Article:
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Lord Hailsham of Saint Marylebone: My Lords, will my noble friend agree that this subject is of such vital and immediate importance that it does not really lend itself to oral question and answer at Question Time?
Baroness Chalker of Wallasey: My Lords, I am grateful to my noble and learned friend. He is absolutely right. We are not in Bosnia to fight a war. UNPROFOR is not in Bosnia to fight a war. But we cannot impose a peace. UNPROFOR has already been asked to do too much with too little. What we have to do is make sure that UNPROFOR is better able to meet the mandate that it has been given.
Lord Richard: My Lords, while the Minister is absolutely right, and perhaps this is not a suitable subject for a question and answer session, unless it is a very long one, if the role of British forces in Bosnia were to change, either by intent or in factin other
Baroness Chalker of Wallasey: My Lords, I am quite certain that my right honourable friend the Prime Minister is well aware of this matter. We must see how things go. I shall not speculate. It is dangerous. There are British lives and Bosnian lives at risk. We must do the best that we can. I assure the House that that is exactly what we are engaged in at present.
Lord Wyatt of Weeford: My Lords, is the noble Baroness aware that the attempt to interfere in the complicated civil war in Yugoslavia was doomed from the start? Does she agree that we must now consider the best way to get our troops out safely before any more of them are killed in a hopeless attempt to pacify the area? For any such attempt, at least half a million troops would be required, and when they had left, the sides would begin fighting each other again.
Baroness Chalker of Wallasey: My Lords, I note the views of the noble Lord. However, there is no single right answer in this difficult situation. I frankly think that the least said the better it is for our troops and for all those in Bosnia who are suffering so terribly at the present time.
Baroness Rawlings: My Lords, does my noble friend agree that our troops in UNPROFOR have done a remarkable job in preventing the conflict from spreading to Kosovo and Macedonia, let alone Bulgaria, Albania and other parts of the Balkans? Therefore, is it not vital that we continue to keep those borders monitored?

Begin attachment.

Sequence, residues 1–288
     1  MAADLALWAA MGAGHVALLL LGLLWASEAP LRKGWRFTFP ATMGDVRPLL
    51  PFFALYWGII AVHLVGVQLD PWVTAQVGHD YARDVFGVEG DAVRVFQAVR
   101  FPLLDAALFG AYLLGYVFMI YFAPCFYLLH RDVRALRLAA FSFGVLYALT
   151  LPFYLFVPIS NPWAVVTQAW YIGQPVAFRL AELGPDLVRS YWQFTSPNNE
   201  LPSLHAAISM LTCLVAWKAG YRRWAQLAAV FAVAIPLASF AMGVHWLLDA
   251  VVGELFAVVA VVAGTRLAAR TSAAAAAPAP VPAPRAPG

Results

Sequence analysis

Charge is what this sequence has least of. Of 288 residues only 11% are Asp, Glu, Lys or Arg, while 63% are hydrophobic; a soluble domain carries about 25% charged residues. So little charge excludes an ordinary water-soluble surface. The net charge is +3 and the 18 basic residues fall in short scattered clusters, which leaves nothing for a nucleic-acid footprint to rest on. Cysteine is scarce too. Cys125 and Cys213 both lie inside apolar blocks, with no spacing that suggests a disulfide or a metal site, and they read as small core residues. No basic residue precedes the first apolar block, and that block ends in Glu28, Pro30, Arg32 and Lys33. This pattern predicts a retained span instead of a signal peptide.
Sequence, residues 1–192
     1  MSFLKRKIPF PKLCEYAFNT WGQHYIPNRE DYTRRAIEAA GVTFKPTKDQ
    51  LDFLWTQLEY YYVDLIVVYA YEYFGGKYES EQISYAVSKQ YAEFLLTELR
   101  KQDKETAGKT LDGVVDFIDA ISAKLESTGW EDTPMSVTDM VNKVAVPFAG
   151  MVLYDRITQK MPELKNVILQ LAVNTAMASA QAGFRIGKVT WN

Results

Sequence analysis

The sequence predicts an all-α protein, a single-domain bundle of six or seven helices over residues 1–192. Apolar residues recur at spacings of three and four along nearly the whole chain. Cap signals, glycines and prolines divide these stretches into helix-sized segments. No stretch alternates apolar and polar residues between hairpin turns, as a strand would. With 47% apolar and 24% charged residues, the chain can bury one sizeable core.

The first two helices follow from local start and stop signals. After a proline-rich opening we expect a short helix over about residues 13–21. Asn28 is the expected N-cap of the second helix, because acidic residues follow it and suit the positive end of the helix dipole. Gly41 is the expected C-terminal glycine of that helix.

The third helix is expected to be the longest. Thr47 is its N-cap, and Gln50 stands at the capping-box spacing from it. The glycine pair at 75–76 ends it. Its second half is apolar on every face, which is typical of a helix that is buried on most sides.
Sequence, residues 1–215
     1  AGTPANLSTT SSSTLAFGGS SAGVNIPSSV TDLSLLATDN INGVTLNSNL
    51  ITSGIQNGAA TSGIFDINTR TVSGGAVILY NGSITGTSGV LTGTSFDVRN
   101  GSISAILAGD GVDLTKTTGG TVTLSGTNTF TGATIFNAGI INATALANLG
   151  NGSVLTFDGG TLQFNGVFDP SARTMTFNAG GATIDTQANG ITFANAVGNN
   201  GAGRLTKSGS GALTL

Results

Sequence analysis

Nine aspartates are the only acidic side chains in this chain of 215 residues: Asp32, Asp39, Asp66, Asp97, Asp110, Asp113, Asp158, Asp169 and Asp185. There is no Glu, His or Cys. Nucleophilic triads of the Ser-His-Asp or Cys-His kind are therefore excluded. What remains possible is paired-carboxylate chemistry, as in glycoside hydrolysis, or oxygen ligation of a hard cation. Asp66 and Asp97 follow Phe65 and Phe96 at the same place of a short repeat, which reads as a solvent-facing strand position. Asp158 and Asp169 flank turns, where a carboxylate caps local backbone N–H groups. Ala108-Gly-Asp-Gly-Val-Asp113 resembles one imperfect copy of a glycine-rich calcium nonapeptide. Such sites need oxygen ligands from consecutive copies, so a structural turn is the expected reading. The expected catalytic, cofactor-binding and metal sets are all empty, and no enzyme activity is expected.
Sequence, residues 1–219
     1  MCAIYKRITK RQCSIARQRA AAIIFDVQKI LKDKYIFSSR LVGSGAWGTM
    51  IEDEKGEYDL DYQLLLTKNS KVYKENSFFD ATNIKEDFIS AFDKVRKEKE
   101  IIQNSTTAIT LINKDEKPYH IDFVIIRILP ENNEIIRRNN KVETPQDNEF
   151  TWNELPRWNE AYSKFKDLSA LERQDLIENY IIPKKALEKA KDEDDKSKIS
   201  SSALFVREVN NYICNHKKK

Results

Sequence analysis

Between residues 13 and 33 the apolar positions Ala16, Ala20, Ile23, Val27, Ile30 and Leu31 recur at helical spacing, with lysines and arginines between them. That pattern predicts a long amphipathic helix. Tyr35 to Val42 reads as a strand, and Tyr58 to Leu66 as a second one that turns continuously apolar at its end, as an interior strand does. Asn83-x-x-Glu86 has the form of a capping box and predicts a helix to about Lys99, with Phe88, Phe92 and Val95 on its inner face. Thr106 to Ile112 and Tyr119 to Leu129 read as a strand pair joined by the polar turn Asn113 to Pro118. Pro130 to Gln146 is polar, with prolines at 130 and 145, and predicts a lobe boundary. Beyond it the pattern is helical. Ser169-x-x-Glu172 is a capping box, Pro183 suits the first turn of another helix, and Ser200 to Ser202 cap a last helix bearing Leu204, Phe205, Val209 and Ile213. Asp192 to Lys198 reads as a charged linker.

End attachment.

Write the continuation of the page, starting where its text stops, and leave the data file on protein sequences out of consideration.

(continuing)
Baroness Chalker of Wallasey: My Lords, I am very much in sympathy with my noble friend's remarks about the role that UNPROFOR has already played. As I said at the beginning, the number of lives saved has improved greatly with UNPROFOR's presence on the ground. There is no doubt that the observers in Macedonia and other bordering nations have helped to prevent the spread of war. However, there may come a time in the future when UNPROFOR cannot carry out its job, or cannot carry it out with less risk than now exists. We shall have to face that situation when it occurs.
Lord Thomson of Monifieth: My Lords, is the Minister aware that one is very conscious that one does not want to say anything that makes things more difficult for the military commanders on the ground and those in the capitals who must take these painful decisions? Does she agree that there will be profound hope in many places that it will prove possible to find an effective means of protecting Gorazde and getting a relief channel through to Sarajevo? Does she further agree that the alternative to UNPROFOR sustaining its credibility is the possibility of much more suffering on the ground inside Bosnia and many more dangers in the region, and indeed more widely than that region altogether?
Lord Annan: My Lords, I am sure that the noble Baroness will not agree with me, but has not the time come to consider whether to arm the Moslem forces in Bosnia? Does she not agree that there is an unfortunate parallel with our government's policy in the 1930s of non-intervention in the Spanish Civil War? That too seemed incomprehensible when both Hitler and Mussolini were arming General Franco's forces.
Lord Dean of Beswick: My Lords, is not the Minister aware that there was a three-hour debate in another place only last evening when both the Government and Official Opposition spokesmen were urging the utmost caution against any precipitate military action, as has just been suggested, because of the dangers to which it could lead? Would it not be better if we all waited until the Prime Minister reports on the conference being held this weekend?
Lord Clinton-Davis: My Lords, does not the Minister agree that if there is a major change of circumstance, the point made by my noble friend Lord Richard is one that should commend itself to the House? After all, it is important for the Government to carry the House with them in the policies that they undertake in that area. Does the Minister agree also that talk of withdrawal simply spurs the Karadzic Serbs to further violations? It is extremely important in those circumstances that we must be vigorous in our determination to fulfil the United Nations' mandate by strengthening the position of the forces that are available there. Finally, does the Minister agree that it is a dangerous illusion to imagine that this deteriorating situation can be resolved by air power alone, which seems to be a prevailing view in the United States Congress?
Baroness Chalker of Wallasey: My Lords, the noble Lord is absolutely right. Should there be a major change of circumstance, my noble friend the Lord Privy Seal and the Leader of the Opposition in this House will no doubt consider whether your Lordships should be recalled. There is already a strengthening of the UNPROFOR forces by some 4,000 troops from Britain. They will ensure that we do whatever is necessary to bring this situation to a state of peace and cease-fire such as we enjoyed for nearly a year, or take whatever action then deemed necessary.
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